Hi everyone, Below I am posting a summary of the notes I took at a +quot;Seminar on Scienc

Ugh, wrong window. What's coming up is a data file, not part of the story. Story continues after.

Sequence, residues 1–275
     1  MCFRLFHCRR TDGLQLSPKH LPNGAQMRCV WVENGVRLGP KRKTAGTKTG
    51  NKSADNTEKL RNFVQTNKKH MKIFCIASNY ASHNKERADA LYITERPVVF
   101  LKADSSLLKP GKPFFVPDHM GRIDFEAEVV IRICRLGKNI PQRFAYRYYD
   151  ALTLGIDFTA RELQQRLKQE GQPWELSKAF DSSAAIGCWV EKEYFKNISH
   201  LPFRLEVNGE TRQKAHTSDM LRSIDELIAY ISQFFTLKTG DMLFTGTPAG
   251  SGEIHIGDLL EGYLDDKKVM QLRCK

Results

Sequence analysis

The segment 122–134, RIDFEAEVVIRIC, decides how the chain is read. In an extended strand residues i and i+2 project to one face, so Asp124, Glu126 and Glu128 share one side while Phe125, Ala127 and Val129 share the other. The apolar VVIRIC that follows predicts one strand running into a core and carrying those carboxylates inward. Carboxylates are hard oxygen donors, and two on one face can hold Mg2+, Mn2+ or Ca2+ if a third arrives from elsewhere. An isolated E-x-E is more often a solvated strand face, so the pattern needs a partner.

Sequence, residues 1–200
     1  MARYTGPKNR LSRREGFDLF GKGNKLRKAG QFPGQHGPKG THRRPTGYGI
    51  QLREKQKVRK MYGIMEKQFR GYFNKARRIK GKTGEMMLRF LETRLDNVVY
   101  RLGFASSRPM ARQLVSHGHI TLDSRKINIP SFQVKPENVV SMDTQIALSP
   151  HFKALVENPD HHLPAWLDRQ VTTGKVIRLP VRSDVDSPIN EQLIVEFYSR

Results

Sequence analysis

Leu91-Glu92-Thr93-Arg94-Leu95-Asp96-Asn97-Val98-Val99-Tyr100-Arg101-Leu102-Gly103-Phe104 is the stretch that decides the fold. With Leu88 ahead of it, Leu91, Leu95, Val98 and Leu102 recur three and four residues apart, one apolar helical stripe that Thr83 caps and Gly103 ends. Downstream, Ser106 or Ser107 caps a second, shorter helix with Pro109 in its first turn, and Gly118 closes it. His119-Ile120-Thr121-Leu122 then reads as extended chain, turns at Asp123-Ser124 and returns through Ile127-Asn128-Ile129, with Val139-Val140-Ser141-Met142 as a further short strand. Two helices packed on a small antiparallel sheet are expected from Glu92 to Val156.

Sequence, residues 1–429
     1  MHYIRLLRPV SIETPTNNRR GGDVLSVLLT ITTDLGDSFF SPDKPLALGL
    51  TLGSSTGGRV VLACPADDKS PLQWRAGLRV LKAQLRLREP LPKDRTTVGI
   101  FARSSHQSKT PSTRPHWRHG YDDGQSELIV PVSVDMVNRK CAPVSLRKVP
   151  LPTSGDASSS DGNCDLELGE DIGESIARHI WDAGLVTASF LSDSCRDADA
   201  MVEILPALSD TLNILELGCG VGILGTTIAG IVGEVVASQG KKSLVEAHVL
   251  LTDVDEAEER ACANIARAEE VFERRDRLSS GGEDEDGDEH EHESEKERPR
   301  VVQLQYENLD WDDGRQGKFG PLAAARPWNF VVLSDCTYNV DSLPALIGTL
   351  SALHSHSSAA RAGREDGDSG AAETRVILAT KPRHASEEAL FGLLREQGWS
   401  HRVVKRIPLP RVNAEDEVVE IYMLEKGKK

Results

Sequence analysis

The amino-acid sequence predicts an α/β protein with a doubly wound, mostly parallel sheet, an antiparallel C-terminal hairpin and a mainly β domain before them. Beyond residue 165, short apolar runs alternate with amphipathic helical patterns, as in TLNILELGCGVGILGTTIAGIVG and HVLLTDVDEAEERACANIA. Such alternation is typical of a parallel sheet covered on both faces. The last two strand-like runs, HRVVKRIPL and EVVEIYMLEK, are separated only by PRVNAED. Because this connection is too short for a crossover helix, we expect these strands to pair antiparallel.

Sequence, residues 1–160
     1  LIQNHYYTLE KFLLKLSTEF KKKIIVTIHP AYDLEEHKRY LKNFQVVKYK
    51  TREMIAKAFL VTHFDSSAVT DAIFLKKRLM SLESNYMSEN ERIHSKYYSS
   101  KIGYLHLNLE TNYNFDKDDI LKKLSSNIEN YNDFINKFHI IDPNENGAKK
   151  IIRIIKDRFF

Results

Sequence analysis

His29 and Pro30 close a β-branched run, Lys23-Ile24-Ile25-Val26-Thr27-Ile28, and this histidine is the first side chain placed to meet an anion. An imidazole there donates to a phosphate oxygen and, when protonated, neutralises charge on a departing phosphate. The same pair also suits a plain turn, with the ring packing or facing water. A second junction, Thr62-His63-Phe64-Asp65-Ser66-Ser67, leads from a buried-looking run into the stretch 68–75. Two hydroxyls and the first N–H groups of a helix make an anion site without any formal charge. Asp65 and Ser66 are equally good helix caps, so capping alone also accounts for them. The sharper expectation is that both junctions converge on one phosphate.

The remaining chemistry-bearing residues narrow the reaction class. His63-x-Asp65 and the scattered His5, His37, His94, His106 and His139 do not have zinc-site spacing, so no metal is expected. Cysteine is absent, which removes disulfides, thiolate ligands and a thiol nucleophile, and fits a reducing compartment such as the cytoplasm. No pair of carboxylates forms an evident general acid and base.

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Hi everyone, Below I am posting a summary of the notes I took at a "Seminar on Science and Creation" held this weekend, here in McMinnville, Oregon USA. The seminar was conducted by Harold Coffin (the guy Mr. Allen Roy seems to get most of his ideas from). I have two reasons for posting this material here (even though it is somewhat lengthy). 1. Dr. Coffin does extensive travelling around the USA conducting similar seminars. I appears that most of his seminars are identical in content and material as this one. If he comes to your area, you can be well prepared, having in advance a good outline of what he is going to present. This is the primary reason for posting it. 2. While the vast majority of the points raised are standard creationist misconceptions, etc. There are one or two issues that I could use a little clearification from some of you biologists and geologists on the net. So if you see an issue that you believe you can contribute to clearing up, please either post a response or email directly to me. I am currently preparing a careful point by point response, which when I'm done I will post to the net. If you have anything to contribute please send it to me so that I can include it. Notice that in this post I have simply tried to express the arguments and [mis]information as given by Harold Coffin. There are several points that he makes that I believe are deliberate attempts to manipulate an unskeptical and ignorant audience. I do not editorialize in this post (even though I had to exert extreme self control to avoid doing so) :-), so if you are looking for a good creationist bashing post, you can stop reading now. Also, if you disagree violently with something don't bother flaming me, this post is meant to be constructive. Let's not let it degenerate into a flame war. One last thing. In order to avoid any confusion about motives, axes to grind, etc., I will state my personal position on this issue. I used to be a staunch creationist, but over the last 8 years or so, through much investigation I have changed my views. I now hold that Evolution is an observed fact that explains the relationships between all living things, and that the mechanisms for evolution (such as Natural Selection, Genetic Drift, etc) are the best theories we have that explain this fact. -------------------------------------------------------------------------- Summary of Harold Coffin's Seminar on Science and Creation by Dan Ford Time: Friday, April 4, 1992, 7:00pm Location: McMinnville SDA Church 1. He claimed that the purpose for the seminar was to present the case for creation from the standpoint of science. Claimed that scripture would agree with science. He claimed that we would see that there was ample evidence from science to support a creationist interpretation. 2. Claimed that there are two viable views on origins: a) God created the earth, plants and animals. Stated that there has been some change but that the changes are limited to within "basic kinds". b) "Spontaneous Generation", where a basic "spark of life" arose by random chance, replicating itself to produce all forms of life currently known. 3. Evolution and Creation are based on faith--but faith is based on evidence. There is evidence for both. The purpose of this seminar is to look at the evidence for creation. Since we can't bring the past back and since we can't experiment on the past, this is a historical science-- therefore it cannot be proved. 4. Claimed there are 4 types of evidence supporting creation, they are: a) The uniqueness of life. He did not elaborate, saying that there would not be enough time in the seminar to cover this topic. So I don't know what this means. b) The inability of man to force any major change either by breeding or experimentation. Dogs are still dogs despite centuries of careful and selective breeding. c) The fossil record. Claimed that it is the ONLY record of living things. If evolution occured, we should be able to see it. d) He never got to this one (he got sidetracked talking about the fossil record and launched directly into his material). I have no idea what the 4th type is. 5. At this point he began showing slides. Excellent slides of many fossils and mineral deposits and other interesting geological formations. He also gave some basic background information, including a definition for fossil as: "any evidence of prehistoric life". He described the various geological periods (Precambrian, Cambrian, etc...). However, he stressed that he was not legitimizing the actual dates and time spans assigned to these sections of the geological column by geologists, rather that they are just names for the different sections without regard for duration. He claimed the rocks below the Cambrian contain NO fossils of multicellular life--only single celled organisms (and rare at that). He stated that if evolution occured, by examining the Cambrian and Precambrian layers we should be going back to the beginning of the evolving processes. 6. Began showing slides of fossils removed from the Burgess Shale in Canada, although he didn't identify it as such until much later, and then just in passing. (As a side note, he gives extremely few references throughout his presentation. Even at the end when I asked him a direct question, about whether and where he had published his research, he answered by saying he had published 3 papers on this topic recently in professional journals, but he did not say which journals or what the titles of the papers were, and I did not have any additional opportunities for questions.) He showed many slides of drawing of fossils from the Burgess shale, primarily of very strange and bizarre creatures (if you have read Wonderful Life by Stephen J. Gould you would have recognized most of them). He repeatedly pointed out that many of these creatures represent totally different body plans than anything alive today. After several minutes of discussion and slides about Marrella, Wiwaxia, Anomalocaris (spelling?), and other including Hallucinogenia, he came to his main point, which is: When you look in early Cambrian rock for evidence of the transitions from simple unicellular life to complex multicellular life, you don't find it. Rather, you find suddenly a dizzying array of wildly diverse and complex life forms. In fact he goes on to claim that there was more diversity in the Cambrian than today. The world today is meager in different body forms, and there is no evidence of increasing complexity. He claims that the Cambrian life forms were just as complex, and in some cases even more so, than today's life forms. 7. He continued by talking for quite some time about the Trilobite (which he said is closely related to the common Salbug). He did say that there are no Trilobites alive today, to his knowledge they are all extinct. His point about the Trilobite is that they exhibit great complexity; he specifically listed: they grow by molting; their musculature, blood circulation, and nervous systems are quite complex; complex mouth parts able to recognize certain types of food and reject others; he claimed that its physiology is very similar and just as complex to many creatures alive today. In particular he talked about the Trilobite eye (which is a calcite crystal lens). He claimed that most creatures alive today that have calcite crystal eyes have less efficient eyes than the Trilobite (that is, the Trilobite had better and sharper focus than similar creatures today that have calcite eyes). He then reiterated his main argument: First: There is no evidence for increasing complexity in the geological record. Second: There is no evidence of the transitions leading up to the multitude of diverse life forms found in the Cambrian layer. He then produced a quote from Darwin referring to the "enigma" of the Cambrian explosion. The quote is something like (my paraphrasing): "I can give no satisfactory answer to the problem of missing fossils in the early Cambrian, and this can be advanced as a valid argument against my theory" (Origin of Species, no page reference given). He also quoted George Gaylord Simpson (again paraphrased since the quote was on a slide that was flashed on the screen for only a few seconds, and I couldn't write it down verbatim): "The sudden appearance of life forms in the Cambrian is not only the most puzzling feature of the geological record... but also the greatest apparent inadequacy of evolutionary theory." (No reference was given). Coffin concluded this section by saying that evolutionists must take it on faith that these evidences will someday be found. The next section was entitled the "Problem of the Missing Links" 1. He claimed that the problem of the missing link is not only the fact that no "missing link" in human evolution has been found, but that there are entire sections of the chain missing. 2. Showed a slide of an ant preserved in pitch. Called it the "oldest known ant". Stressed that it is very similar to modern ants. Virtually no evolution has occured over a very long time. He brought up many examples of this idea, that is, creatures that are alive today (mostly in our oceans) which are identical or virtually identical to creatures from very far back in the fossil record. It wasn't perfectly clear what he was trying to demonstrate with this idea that there are creatures that exhibit very little or no evolutionary change. I presume that this is supposed to cast doubt on larger evolutionary changes, but he did not make that explicit. 3. Showed slides of fossils that supposedly are found in the fossil record with no obvious ancestors species in lower strata, and no descendant species above it. "They just appear abruptly and go extinct abruptly". 4. Showed slides of drawings of the cross section of turtles. Showing how the shoulders attach inside the shell (which he claims is the analog of the rib cage in mammals). He claimed we should be able to find fossils leading up to this unusual and unique design, but of course (according to him) none are found. 5. Showed a slide of a bat that appears to demonstrate that bats have changed very little in the last 10 million years or so. He then quotes George Gaylord Simpson as saying that evolution of the human lineage would take 10 billion years at that rate of change (no reference was given). Coffin's conclusion was that there is clearly insufficient time for evolution to occur, since 10 billion years is more than twice the estimated age of the earth (you should have heard the gasps around the audience; unfortunately, the gasps were not out of incredulity, rather of wonder at the stubborn "evolutionists" who insist on believing in evolution in the face of such "contradictory" evidence). [Ok, so I did editorialize maybe a little :-) ] 6. Discussed Archeopteryx. Showed a slide of an Archeopteryx fossil. Said this topic was too complex to discuss in this context, but that he should mention that: a) More "modern" birds have been found in the fossil record below Archeopteryx, and that you "can't find ancestors of a fossil after it (or in higher strata)". b) His conclusion is that it is simply a type of bird that doesn't exist today. c) He spent a minute or two discussion the fact that there have been claims that it was a forgery, and that it could possibly be a hoax. Then after saying that he concluded with "but much detailed study has gone into the Archeopteryx, and my feeling now is that it is most likely a genuine fossil" (my paraphrasing). d) A great deal of evolution is required between scales and feathers, and no intermediate forms have been found in the fossil record to show even an example of how this transition could occur. 7. Discussed the Horse (of course). His statements were plain and simple assertions that eohippus was not a horse. The first discoverer called it a hyrachotherum. All the other fossils in the horse "lineage" are really horses, he said that some have 3 toes while modern horses usually do not, but they are all distinctly horses. As he said it: "a horse is a horse is a horse." Here he quoted some Garret Hardin from a article entitled "Nature and Man's Fate", Mentor, 1961 p. 225-226. The quote was not up long enough for me to even get a gist of it (he didn't even read the entire quote on the slide to the audience, simply flashed it up, made a reference to it and removed it; all I could get was the reference). It was something about the horse lineage being bogus. Coffin's conclusion is that all the horse fossils represent changes in a "basic created horse kind". 8. Here he quoted Darwin again. Again the slide was up for such a short time I could not get much down (again, he did not read the entire quote, but selected a few sentences to read). The reference was simply the Origin of Species (no page number). It referred to an admission by Darwin that there were no finely graduated organic chain leading to all current life forms. Darwin's explanation (according to Coffin, that is, this part was not in the quote), was that we haven't looked long enough, but that the evidence would be found. Coffin says we have been looking for over a hundred years with no success. It's time to admit it's not there. Question and Answer Session I wasn't able to write down most of the questions. But below are some of the statements he made in response to various questions. 1. The flood caused the deposition of virtually the entire geological record. He discussed the basic "hydrological sorting" argument. The order he claimed is reasonable by hydrological sorting is: 1) Sea bottom creatures 2) Swimming fish 3) Sea shore creatures and plants 4) Amphibians 5) Reptiles 6) Mammals 7) Birds He claimed that the order above matches the order in the geological column. 2. He did not think that Noah took the sea creatures in the ark. They could fend for themselves. He didn't think Noah took the dinosaurs either (however he admitted that there might have been a few "dinosaur like" animals aboard. He said that the answer to the space problem was that Noah would not have to take a pair of every species, rather he would just take a pair of each "basic kind". 3. He said that because it is clear that the dinosaurs disappear suddenly in the fossil record, that it seems likely that they all died in the flood. 4. The question I asked was: "Could you give us your estimate of the total number of species of animals that have ever existed, both extinct and extant; and secondly what percentage of those species are extinct and what percent are alive today, and how do you arrive at your estimates". He answered that that was a difficult issue, but that he believed that there were more species in existence today than in the fossil record! He did not give an estimate (as I had asked), and gave no details whatsoever as to how he arrived at his conclusion. 5. A friend of mine asked: "Do you believe that the mammals coexisted in time with the dinosaurs? And if so, why are they not found together in the fossil record?" Answer: Yes, and although mammals are rarely found in dinosaur strata, occasionally some of the small mammals are found in with the dinosaurs. He reiterated his hydrological model, claiming that this would be expected by the flood model. 6. He was asked how old he thought the earth was: He talked a little about Usher's chronology, citing some difficulties with it. He then claimed that the Septuagint (the Greek translation of the Old Testament) was probably more reliable, and that it gave an age of about 7500 years for the earth. He believes that is the correct age for the earth, but not for the rest of the universe (which he believes is much older). 7. When asked about Carbon-14 dating: He said that it depended on the principle of Uniformitarianism--that is, the present is the key to the past. He believe that the past was different from the present in many ways--therefore invalidating uniformitarian assumptions. For example, he believes that prior to the flood there was no Carbon-14 produced. This would give incorrect results on items from before the flood. He made no mention of other radiometric dating methods (such as isochron methods). A Few General Comments About the Seminar 1. He never volunteered information critical of his position (for example no mention of isochron dating methods in his discussion of radiometric dating). In this sense he seemed to capitalize on the ignorance of the audience. People seem to think that Carbon-14 dating is the only type of radiometric dating, and he made no attempt to clear up that misconception. 2. He had an extremely uncritical audience. With the exception of one or two, there were no skeptical questions. He was preaching to the choir. It was interesting to note the audiences reaction to various non-issues, such as the statement about the evolution of the bat being so slow that humans would take 10 billion years to evolve. He never made any attempt to clear up simple misconceptions, rather, many of his statements encouraged misconceptions. 3. Despite the agreeable nature of his audience, at the end he glowingly complemented the audience, claiming this had been an extremely competent audience. He claimed that it is very rare that he finds an audience that asks such technically advanced and challenging questions. Good grief, if this is a demanding audience, I wonder what an average audience is like? P.S. The seminar actually consisted of two sessions. These notes are from the first session. I will post my notes from the second session as soon as I'm done compiling them. The second session was much lower in content however, and should be somewhat shorter. Again, my apologies for such a long post. -Dan ---------------------------------------------------------------------- Well, here is the summary of the second (and last) session of Harold Coffin's "Seminar on Science and Creation". I hope you find it useful. Dan Ford email: ford@mcm.hp.com ---------------------------------------------------------------------- Summary Harold Coffin's Seminar on Science and Creation, Part II by Dan Ford Time: Saturday, April 5, 1992, 3:00pm Location: McMinnville SDA Church 1. For several hundred years before Darwin, geologists believed in a worldwide flood. These geologists were called Deluge Geologists. These geologists rested their conclusions on the basis of large coal deposits around the world. Later geologists questioned this evidence because one can see upright trees (petrified) in coal beds. It seemed like impressive evidence. Because of this, gradually, the ideas about production of coal changed, and with it, the ideas about geochronology. The distinct impression was given, by Dr. Coffin, that the cornerstone of modern geology somehow rests on the fact that upright trees have been found in coal beds, and that these trees appeared to be in their original place of growth. Furthermore, if these claims are true, says Dr. Coffin, a global deluge could not be used to explain these formations. 2. He made the strong statement that if you discount the flood, you remove the only means of explaining the geological column. Remove the flood, he said, and you must be left with a non-literal creation week, possibly representing millions of years. At this point he returned to the upright trees problem. Talking for several minutes about their importance to conventional geology. He showed slides of several upright trees, some in coal beds some not. [I distinctly got the impression that he was deliberately setting up the problem; so that the impression that would be left with an unsophisticated audience would be that if he could successfully demonstrate that catastrophes could be reasonably be invoked to explain the upright petrified trees, then most of conventional geology would be refuted!] 3. He then launched into his main body of evidence, which briefly consisted of the following arguments: a) Many if not all of the upright trees appear to be missing root systems. b) Many of the trees are hollow, and filled with sediment (which does not match the sediments in which the trees are buried. c) Many of the hollow trees have marine organism in them. It was not clear what that was supposed to demonstrate (possibly to support a global deluge). d) Often the rings of trees at the same level do not match. Instead, they found trees with the same ring sequences (called ring signatures) at different levels! This argues that the trees did not grow where they are currently standing. e) Some vertical trees are actually upside down. 4. He then showed quite a few slides of Mt. St. Helens in Washington, USA. Some interesting shots taken (not by him) actually during the eruption. He goes on the show that the surface of Spirit Lake (which at first had been thought to have been obliterated by the volcano) was covered by thousands of floating logs, carried down by the blast and mud slides of the eruption. He showed many photographs of logs and stumps floating vertically in Spirit lake. Many were standing vertically on the bottom of the lake (sticking up towards the surface). Using SCUBA divers and sidescan sonar to explore the lake, they estimated between 19 and 20 thousand upright stumps on the bottom of the lake. He claimed that what they had there was a transported, submerged forest. In effect, he made what appeared to be a good case that there were many upright trees in Spirit Lake as a result of the eruption, and that therefore catastrophes could possibly explain the existence of other similar occurrences in the geologic record. [I'm tempted to editorialize here about the significance of all this, but I will restrain myself. :-) ] 5. He closed this section by making his main case: That if another eruption were to occur, these trees would be buried, and they would be indistinguishable from other similar formations, which geologists attribute to long periods of deposition. He claimed that what is present in Spirit Lake is a small scale model for the worldwide deluge. 6. Along the way he interspersed comments about other features of the Mt. St. Helens eruptions that is "changing the way geologists think", such as: a) Rapid erosion occurred, sometimes major canyons were produced in a matter of hours or days. b) Claimed that there were other geological processes that occurred so quickly, that they would "fool current geologists" if they did not know their catastrophic and rapid creation. The Question and Answer Session Again, I was not able to write down the questions, but I have the salient points from his responses. Very few of the questions had anything to do with the upright logs. Some of these comments were made by him after the session, and a small group gathered around him to ask questions. 1. I asked if he had published his research in any professional, referred journals, and if so which ones? His answer was that he had written 3 technical papers and that they had been published in professional journals, but he did not give the names of the journals or the professional associations, or even the title of the papers. I did not have an opportunity to follow the question up. 2. When asked what he thought of continental drift he said a number of semi-conflicting things: a) It is a revolutionary idea and still somewhat immature. b) However he did say "we think something dynamic has happened". c) Claimed that there was a great deal of controversy currently in the field. He mentioned theories of "microplates"; where supposedly single mountains have moved long distances independently of the continents that they are currently embedded in. d) Claimed that there was currently much contradictory data in that field of study (but he did not volunteer any hints as to what that data might have been). e) Despite that however, he claimed that the "major concept is still probably correct". He stated that the similarity of geological formations in South America and Africa and in particular their good fit could not be satisfactorily explained any other way than to say that they were connected at one time. However, he asserted that he believed that all of the major plate motion occurred during or shortly after the flood. f) Also mentioned a small but influential group of geologists that are proposing the theory of the expanding earth, which supposedly would explain much of the same data. On this same topic he expressed his skepticism about the "uniformitarian assumptions" that conventional geologists make. Reiterated his idea that Uniformitarianism is using the present as the key to the past, an since he believes that the past was different, the basic assumptions are invalid. He had an argument that he claimed could easily disprove the steady slow continental drift rates; it goes like this: It is possible to measure the width and length of the rift that is opening up between the continents down the center of the Atlantic. Using these measurements one can calculate the volume necessary to refill the rift. He claimed that the yearly amount of material carried into the Atlantic ocean by erosion was more than double the yearly volume opened up by continental drift. Therefore, he claimed that if these processes have been going on for a very long time, there would be no ocean, it would be completely filled up by erosion from the continents. He made no mention of subduction! 3. He discussed ocean sediments, claiming that if evolution is true, we should find deep sediments in the middle of the oceans, but none are found. 4. When asked about other SDA scholars who accept evolutionary biology, he said that he believed that these were errors introduced by Satan. Very simple. 5. Later (in a small group), I was able to ask him about the Marsupial problem, to which he responded: That is a question that we don't have an answer for yet. But there is significant research from fossils in the Sahara indicating that species that today have a very limited ecosystem might have had broader ranges in the past. His conclusion was that the Marsupials once inhabited very large ranges of the globe. He then made a curious statement: "But of course it is also just as big a problem for the evolutionists too, since they can't find any fossils of the Marsupials anywhere else either." 6. I asked him if he was aware of any research where someone had calculated the amount of energy required to move the continents around wildly during and shortly after the flood, and what would prevent the heat generated from vaporizing the oceans. He said that he was unaware of any research, or anyone ever making those calculations. He did say, however that he had evidence that the oceans were much warmer back then. 7. He concluded by saying that all of the cruel and "bad" things in nature, such as carnivorous creatures, parasites, viruses, pests, thorns, etc. were the product of Satan. He claimed that Satan would be an excellent molecular biologist and genetic engineer, who could have easily produced the necessary changes in nature. He also described what Seventh-Day Adventists refer to as the Great Controversy between Christ and Satan. Using this kind of apocalyptic terminology he characterized all evolutionary views, and all views dissenting with the Bible as of Satanic origin. ========================================================================== comments by Karl Kluge: First, the Cambrian explosion occured "suddenly" only in geological terms. Second, new species normally arise in peripheral isolates (like escaped wallabies on Hawaii), so the first appearance of something in the fossil record often reflects only the radiation of the species into that area. It is precisely that fact the we do find exceptions to this rule that validates punctuated equilibrium and makes hay of Creationist claims that punc. eq. is an admission that there are no transitional forms. > 4. Showed slides of drawings of the cross section of turtles. Showing how > the shoulders attach inside the shell (which he claims is the analog of > the rib cage in mammals). He claimed we should be able to find fossils > leading up to this unusual and unique design, but of course (according to > him) none are found. Read Derek Brigg's AMERICAN SCIENTIST article on "Extraordinary Fossils" (v79, n2, 1991) for a good idea of how sparse the fossil record is. The amazing thing isn't the lack of transitional forms -- it's that we have as many as we do. > 7. Discussed the Horse (of course). His statements were plain and simple > assertions that eohippus was not a horse. The first discoverer called it > a hyrachotherum. Taxonomic quibbles have nothing to do with the nature of the beast. > All the other fossils in the horse "lineage" are really > horses, he said that some have 3 toes while modern horses usually do not, > but they are all distinctly horses. As he said it: "a horse is a horse is > a horse." Here he quoted some Garret Hardin from a article entitled > "Nature and Man's Fate", Mentor, 1961 p. 225-226. The quote was not up > long enough for me to even get a gist of it (he didn't even read the entire > quote on the slide to the audience, simply flashed it up, made a reference > to it and removed it; all I could get was the reference). It was something > about the horse lineage being bogus. Coffin's conclusion is that all the > horse fossils represent changes in a "basic created horse kind". Sounds like our recent "but it was still a wallaby" poster. How convenient to dismiss Eohippus as not being related to horses. When Eohippus appeared, it was just another cony-like animal. Why not say that horses and rabbits are just changes within the same "basic created cony kind"? But then you have the fossil transition connecting the mammals with the reptiles and showing very nicely the transformation of the jaw structure. So maybe horses, rabbits, humans, and snakes are all just changes in the "basic created vertebrate kind". > Question and Answer Session > > 1. The flood caused the deposition of virtually the entire geological > record. He discussed the basic "hydrological sorting" argument. > The order he claimed is reasonable by hydrological sorting is: > 1) Sea bottom creatures > 2) Swimming fish > 3) Sea shore creatures and plants > 4) Amphibians > 5) Reptiles > 6) Mammals > 7) Birds > He claimed that the order above matches the order in the geological column. And here is where the Burgess Shale zaps him. The Burgess fauna were buried in a mudslide. No opportunity for hydrological sorting or differential mobility to work. Examples of 20 groups of now extinct arthropods (there are currently 3 groups of arthropods, which account for 80% of all animal species) -- more diversity in this one quarry than in all the modern oceans -- and one lousy little worm-like chordate. No "modern" fish. Zero. None. This is even worse for Flood Geology than the problem of the missing angiosperms. > 3. He said that because it is clear that the dinosaurs disappear > suddenly in the fossil record, that it seems likely that they all died > in the flood. Suddenly is right. Very suddenly. The old conventional wisdom was that most dinosaurs had bit the dust before the C-T boundary, and any impact that occured didn't make much difference -- the extinction had already mostly occured. People went back and looked harder at previously examined formations. They found dinosaurs that were supposedly already extinct closer and closer to the C-T boundary layer. See Gould's essay in one of the last couple issues of NATURAL HISTORY -- they're found right up to the C-T boundary, then zap. Interesting how the hydrological sorting deposited the same iridium enriched clay, fractured quartz, etc. (in a very thin layer, I might add) just above the dinosaurs at multiple sites. Karl =========================================================================== >7. He concluded by saying that all of the cruel and "bad" things in >nature, such as carnivorous creatures, parasites, viruses, pests, thorns, >etc. were the product of Satan. I doubt he's a vegetarian, himself. Leaving aside the fact that thorns are self-defence ... carnivores are in fact wonderful things. In a certain sense, predators create their prey: it is the existence of predators that made gazelles so fast and graceful. Nor is death by tooth and claw unmerciful, compared to disease and starvation. Changing the subject slightly: civilized people underestimate disease. If you have to spend a few days in bed, your house stays warm, and food delivery is a phone call away. Contrast this to the reason why so many Amerinds died from the white man's imported diseases. It's not because the diseases were horrible plagues. Imagine, instead, everyone in the tribe sick at once. Hauling water, lugging firewood, starting fires, and hunting - all hard labor, and all not being done. Everyone in the tribe could easily die, not from the Real Bad Sniffles, but from a few days of freezing/starvation. In short, tribe/pack cooperation is one of the Great Secrets of Success, a much bigger secret than penicillin. -- Don D.C.Lindsay Carnegie Mellon Computer Science ======================================================= > Don D.C.Lindsay Carnegie Mellon Computer Science I don't want to argue with most of what you said, but I should mention, that Dr. Coffin most likely *IS* a vegetarian. This is because of his Seventh-Day Adventist heritage. I wouldn't know his personal reasons for vegetarianism, but most SDA's are vegetarian for health reasons rather than for moral or ethical reasons (that is, the reasons I hear are not that it is morally wrong to kill cows, but that it is bad for your health to eat cows, and your body is the temple of the Holy Spirit, etc...). Cheers, Dan Ford ======================================================================== >> I doubt he's a vegetarian, himself. >> > [deletion] >> -- >> Don D.C.Lindsay Carnegie Mellon Computer Science This is most amusing. If God made us he made us with canine teeth and all the other differentiated teeth of mammals who eat everything, including meat, and even allowed us to digest meat, how could it have been the work of satan for us to eat meat, and what about all the plant beings we do kill in order to eat when we don't eat meat? Up with Plant Liberation! Kill the people who cut down trees to build houses! :-) Now, I have no quarrel with vegitarians, as such. I don't eat alot of meat myself, just some. The assertion that eating meat is the work of Satan is just stupid. > I don't want to argue with most of what you said, but I should mention, >that Dr. Coffin most likely *IS* a vegetarian. This is because of his >Seventh-Day Adventist heritage. I wouldn't know his personal reasons >for vegetarianism, but most SDA's are vegetarian for health reasons rather >than for moral or ethical reasons (that is, the reasons I hear are not >that it is morally wrong to kill cows, but that it is bad for your health >to eat cows, and your body is the temple of the Holy Spirit, etc...). >Cheers, >Dan Ford Vegitarianism was big with Hindus long before there were any SDAs. Oh, by the way the SDAs are big on Creationism. I have one of their tracts. Aren't they behind some of the lobbying groups opposed to Bill Honig in Californaia? Aren't they influiencial in places in Orange and San Diago Counties? Bruce Salem